Credit: Roman Koester on Unsplash

Cricketing Calamity: A different game in a post Covid-19 world

By Qalam Trevelyan

What India wants, India gets. Chaos in the cricketing world ensues, as India call off the fifth test. 

On 10 September, the morning of what was scheduled to be the first day of the fifth test, the English and Indian cricket boards released statements declaring the match cancelled. Citing an outbreak of Covid-19 in the Indian camp (which had forced head coach Ravi Shastri to isolate during the previous test) as the highlighted reason. All were left disappointed that there wouldn’t be a conclusion to what had proved an exhilarating series. With England hoping to salvage a draw, and India vying for a first series win in England for 14 years, there was still a great deal on the line. Considering the lack of sporting drama over the past 18 months, the loss of the final test remained sore. 

Although disappointing, the fallout from the cancellation of the fifth test can only be described as cricket’s very own existential crisis. Many have claimed that with the start of the Indian Premier League (IPL) shortly after the conclusion of the final test, players from both camps saw an opportunity to ensure they would be quarantined in time for the start of the tournament. With the IPL providing the most significant paycheck most players receive in a season; it wouldn’t be unfair to suggest that some had more to gain from the cancellation than initially suggested. India had travelled to England with an extended squad of 21 players to mitigate against such outbreaks, leaving fans wondering whether some simply didn’t want to play. Michael Vaughan, in typically bullish fashion, tweeted:

“IPL teams chartering planes… 6 days of quarantining required in the UAE… 7 days til the tournament starts! Don’t tell me the test was cancelled for any other reason but the IPL…”.

Although it seems easy to blame the players, the Board of Control for Cricket in India (BCCI) is expected to take well over £70,000,000 from the tournament. With many of their biggest stars playing for the national team, it would be unfair to pin responsibility for any possible ulterior agendas solely on the players. An appreciation of the money involved in these tournaments demonstrates the eerily political undertones of this calamitous affair. 

I am reluctant, however, to play the part of the conspiracist. We will never know for certain if the IPL was a factor in the cancellation of the fifth test. Although easy to point fingers, in a world where Covid-19 outbreaks are commonplace, a Covid-19 outbreak derailing the final test should not come as a surprise. England left South Africa late last year in very similar circumstances. The nature of professional sport has changed drastically over the last 18 months, with athletes expected to spend months away from families in order to meet the ever-stringent Covid requirements. Moeen Ali, England’s off spinner, recently announced his retirement from test match cricket partly in response to the prospect of spending months away from home playing in Australia later this year. When faced with an outbreak of Covid-19 in camp, the Indian players can hardly be blamed for wanting nothing to do with it. They wanted to go home. To suggest that players do not care about the fans would be unfair considering how much they have sacrificed to facilitate these sporting events.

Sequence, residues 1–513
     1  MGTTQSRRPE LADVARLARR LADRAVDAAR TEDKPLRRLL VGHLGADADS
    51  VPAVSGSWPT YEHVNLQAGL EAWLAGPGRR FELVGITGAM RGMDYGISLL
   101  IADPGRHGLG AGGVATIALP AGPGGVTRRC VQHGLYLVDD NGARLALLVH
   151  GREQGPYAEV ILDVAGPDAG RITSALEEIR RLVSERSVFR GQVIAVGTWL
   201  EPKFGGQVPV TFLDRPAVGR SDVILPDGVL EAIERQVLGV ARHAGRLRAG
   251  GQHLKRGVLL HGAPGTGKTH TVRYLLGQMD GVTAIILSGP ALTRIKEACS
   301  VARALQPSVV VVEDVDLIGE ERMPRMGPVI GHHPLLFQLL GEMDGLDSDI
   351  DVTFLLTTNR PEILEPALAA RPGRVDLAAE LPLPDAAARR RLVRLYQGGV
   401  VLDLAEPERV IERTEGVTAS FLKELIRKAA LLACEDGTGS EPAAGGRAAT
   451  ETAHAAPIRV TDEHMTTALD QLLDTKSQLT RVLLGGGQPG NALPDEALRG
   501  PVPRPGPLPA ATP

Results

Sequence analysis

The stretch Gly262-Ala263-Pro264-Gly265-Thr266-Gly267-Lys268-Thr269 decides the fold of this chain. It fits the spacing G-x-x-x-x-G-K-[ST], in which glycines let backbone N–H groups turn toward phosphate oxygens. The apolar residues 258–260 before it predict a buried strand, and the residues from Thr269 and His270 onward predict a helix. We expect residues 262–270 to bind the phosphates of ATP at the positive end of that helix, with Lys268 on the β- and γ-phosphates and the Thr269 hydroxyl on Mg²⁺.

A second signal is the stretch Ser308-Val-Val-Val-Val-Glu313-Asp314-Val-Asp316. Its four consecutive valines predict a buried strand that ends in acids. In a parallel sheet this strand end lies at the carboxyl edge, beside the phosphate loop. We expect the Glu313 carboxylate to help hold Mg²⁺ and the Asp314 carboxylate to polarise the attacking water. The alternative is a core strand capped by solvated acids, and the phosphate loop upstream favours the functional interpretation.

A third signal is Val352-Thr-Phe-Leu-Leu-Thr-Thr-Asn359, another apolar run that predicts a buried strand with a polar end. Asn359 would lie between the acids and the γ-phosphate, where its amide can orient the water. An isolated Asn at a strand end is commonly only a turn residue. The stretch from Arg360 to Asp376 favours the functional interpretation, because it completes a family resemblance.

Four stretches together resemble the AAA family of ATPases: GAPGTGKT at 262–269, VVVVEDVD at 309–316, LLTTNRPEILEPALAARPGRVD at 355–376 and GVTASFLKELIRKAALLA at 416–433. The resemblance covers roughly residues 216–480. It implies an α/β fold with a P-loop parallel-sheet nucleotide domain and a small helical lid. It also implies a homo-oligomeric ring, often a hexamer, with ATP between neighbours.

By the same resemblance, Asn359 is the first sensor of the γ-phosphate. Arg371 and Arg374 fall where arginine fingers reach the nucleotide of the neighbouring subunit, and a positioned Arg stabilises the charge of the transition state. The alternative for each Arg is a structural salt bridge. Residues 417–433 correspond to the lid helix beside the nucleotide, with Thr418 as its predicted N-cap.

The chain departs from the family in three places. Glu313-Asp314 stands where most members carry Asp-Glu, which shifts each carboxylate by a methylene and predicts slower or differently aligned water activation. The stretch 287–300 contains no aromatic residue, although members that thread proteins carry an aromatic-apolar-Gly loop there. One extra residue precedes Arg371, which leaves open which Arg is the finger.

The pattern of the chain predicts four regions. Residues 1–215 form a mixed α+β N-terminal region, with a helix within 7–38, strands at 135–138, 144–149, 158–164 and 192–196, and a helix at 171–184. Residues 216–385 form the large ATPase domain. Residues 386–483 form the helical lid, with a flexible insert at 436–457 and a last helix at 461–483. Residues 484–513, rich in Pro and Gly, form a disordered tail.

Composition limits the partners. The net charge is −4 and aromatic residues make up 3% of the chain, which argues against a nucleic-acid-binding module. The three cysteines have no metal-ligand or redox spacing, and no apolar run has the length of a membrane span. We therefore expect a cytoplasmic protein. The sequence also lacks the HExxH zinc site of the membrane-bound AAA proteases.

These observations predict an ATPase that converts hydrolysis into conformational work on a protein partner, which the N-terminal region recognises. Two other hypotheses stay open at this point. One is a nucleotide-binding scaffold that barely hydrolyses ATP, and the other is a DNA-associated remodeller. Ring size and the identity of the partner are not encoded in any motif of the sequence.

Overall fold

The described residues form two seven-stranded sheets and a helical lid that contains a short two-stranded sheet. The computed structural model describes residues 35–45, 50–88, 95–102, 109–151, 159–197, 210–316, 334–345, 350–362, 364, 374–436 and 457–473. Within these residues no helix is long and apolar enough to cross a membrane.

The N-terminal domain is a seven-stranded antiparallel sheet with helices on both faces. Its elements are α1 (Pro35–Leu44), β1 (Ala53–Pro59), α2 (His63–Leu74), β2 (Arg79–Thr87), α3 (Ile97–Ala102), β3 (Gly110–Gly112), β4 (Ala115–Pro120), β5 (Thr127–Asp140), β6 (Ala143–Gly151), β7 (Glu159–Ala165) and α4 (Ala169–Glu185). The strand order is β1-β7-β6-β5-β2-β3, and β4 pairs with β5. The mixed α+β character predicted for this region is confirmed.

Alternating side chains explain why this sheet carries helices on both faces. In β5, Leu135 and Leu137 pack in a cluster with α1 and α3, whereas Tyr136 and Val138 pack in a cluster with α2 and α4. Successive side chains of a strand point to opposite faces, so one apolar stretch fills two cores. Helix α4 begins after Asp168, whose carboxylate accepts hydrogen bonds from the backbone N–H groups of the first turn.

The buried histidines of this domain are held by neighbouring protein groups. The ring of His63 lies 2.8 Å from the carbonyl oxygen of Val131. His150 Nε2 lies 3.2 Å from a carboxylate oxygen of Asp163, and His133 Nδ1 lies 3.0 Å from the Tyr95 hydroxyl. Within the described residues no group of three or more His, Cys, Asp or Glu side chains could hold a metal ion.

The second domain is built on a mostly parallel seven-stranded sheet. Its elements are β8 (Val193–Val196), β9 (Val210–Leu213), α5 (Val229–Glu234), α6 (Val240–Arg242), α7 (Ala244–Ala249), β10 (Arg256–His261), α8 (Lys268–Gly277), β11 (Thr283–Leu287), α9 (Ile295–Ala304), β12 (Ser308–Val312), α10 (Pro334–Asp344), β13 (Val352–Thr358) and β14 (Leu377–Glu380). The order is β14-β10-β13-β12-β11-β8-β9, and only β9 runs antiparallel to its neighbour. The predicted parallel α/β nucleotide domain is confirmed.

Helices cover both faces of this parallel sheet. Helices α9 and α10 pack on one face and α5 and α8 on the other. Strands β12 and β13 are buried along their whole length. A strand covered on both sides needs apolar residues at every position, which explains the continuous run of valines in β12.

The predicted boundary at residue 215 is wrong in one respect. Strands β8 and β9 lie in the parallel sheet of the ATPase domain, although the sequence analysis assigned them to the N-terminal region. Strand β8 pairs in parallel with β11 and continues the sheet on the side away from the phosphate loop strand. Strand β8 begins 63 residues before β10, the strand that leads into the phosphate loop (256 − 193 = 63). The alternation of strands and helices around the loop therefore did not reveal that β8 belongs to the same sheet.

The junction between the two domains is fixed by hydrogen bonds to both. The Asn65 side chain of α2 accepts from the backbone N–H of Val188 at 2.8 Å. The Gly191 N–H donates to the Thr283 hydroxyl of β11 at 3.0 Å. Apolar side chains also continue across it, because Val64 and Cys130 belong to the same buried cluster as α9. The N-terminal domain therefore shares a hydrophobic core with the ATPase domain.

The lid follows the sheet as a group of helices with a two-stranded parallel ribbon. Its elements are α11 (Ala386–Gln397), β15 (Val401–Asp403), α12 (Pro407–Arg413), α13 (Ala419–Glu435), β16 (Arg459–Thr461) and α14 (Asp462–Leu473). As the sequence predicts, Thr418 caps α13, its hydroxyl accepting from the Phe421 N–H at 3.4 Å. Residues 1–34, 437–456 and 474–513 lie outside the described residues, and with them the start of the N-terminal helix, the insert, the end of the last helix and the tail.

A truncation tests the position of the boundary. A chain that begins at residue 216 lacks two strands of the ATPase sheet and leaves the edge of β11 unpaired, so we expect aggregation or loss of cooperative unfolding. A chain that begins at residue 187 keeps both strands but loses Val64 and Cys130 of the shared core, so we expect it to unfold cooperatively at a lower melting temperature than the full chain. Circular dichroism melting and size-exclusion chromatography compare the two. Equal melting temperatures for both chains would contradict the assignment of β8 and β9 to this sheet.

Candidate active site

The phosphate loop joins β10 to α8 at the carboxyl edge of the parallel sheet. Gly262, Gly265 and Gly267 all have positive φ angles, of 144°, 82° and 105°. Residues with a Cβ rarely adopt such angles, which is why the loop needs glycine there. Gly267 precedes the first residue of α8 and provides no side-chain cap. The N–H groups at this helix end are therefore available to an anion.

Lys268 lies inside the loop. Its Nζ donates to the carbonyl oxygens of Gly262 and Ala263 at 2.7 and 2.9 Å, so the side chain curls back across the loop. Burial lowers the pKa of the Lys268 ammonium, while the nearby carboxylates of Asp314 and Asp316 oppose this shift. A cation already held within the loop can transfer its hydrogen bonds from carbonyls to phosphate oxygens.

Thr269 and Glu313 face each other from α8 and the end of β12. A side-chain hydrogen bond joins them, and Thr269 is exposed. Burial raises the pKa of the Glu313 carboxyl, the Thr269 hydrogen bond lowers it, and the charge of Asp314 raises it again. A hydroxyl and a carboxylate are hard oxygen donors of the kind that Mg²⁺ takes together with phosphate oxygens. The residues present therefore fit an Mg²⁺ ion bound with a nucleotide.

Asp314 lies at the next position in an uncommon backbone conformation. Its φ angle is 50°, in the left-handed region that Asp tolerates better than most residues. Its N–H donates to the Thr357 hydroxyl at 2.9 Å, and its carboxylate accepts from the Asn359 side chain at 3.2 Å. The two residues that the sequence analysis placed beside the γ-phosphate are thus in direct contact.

Although the fans are undoubtedly hit hardest by the current environment, we should be grateful that things are slowly getting back to normal. The start of the IPL, although conspicuously soon after the conclusion of the final test, will provide a sporting spectacle that has been so sorely missed. With the ‘Twenty20’ (T20) World Cup set to start next month, fans have plenty of cricket to look forward to. Although purists will argue that test match cricket is subsequently being left behind, leaving the game in a state of flux with shorter formats in the ascendancy, cricket is once again being viewed as a valid source of entertainment. The advent of ‘The Hundred’ this summer saw live cricket back on terrestrial TV and in the nation’s heart. Introducing the game to a previously untapped market, these short, exciting matches have allowed all to enjoy the very best of what cricket has to offer. Uncertainty will remain rife over the following months; a refusal by fans to adapt and appreciate this will only heighten the issues highlighted by the cancellation of the final test. 

The two teams will play a stand-alone test next year, hoping to make up for what has been a disappointing end to the English cricketing summer. This will not appease many of the fans who had travelled to Manchester that fateful morning, however, it demonstrates a common consensus amongst governing bodies that the fans deserve fulfilled promises. 


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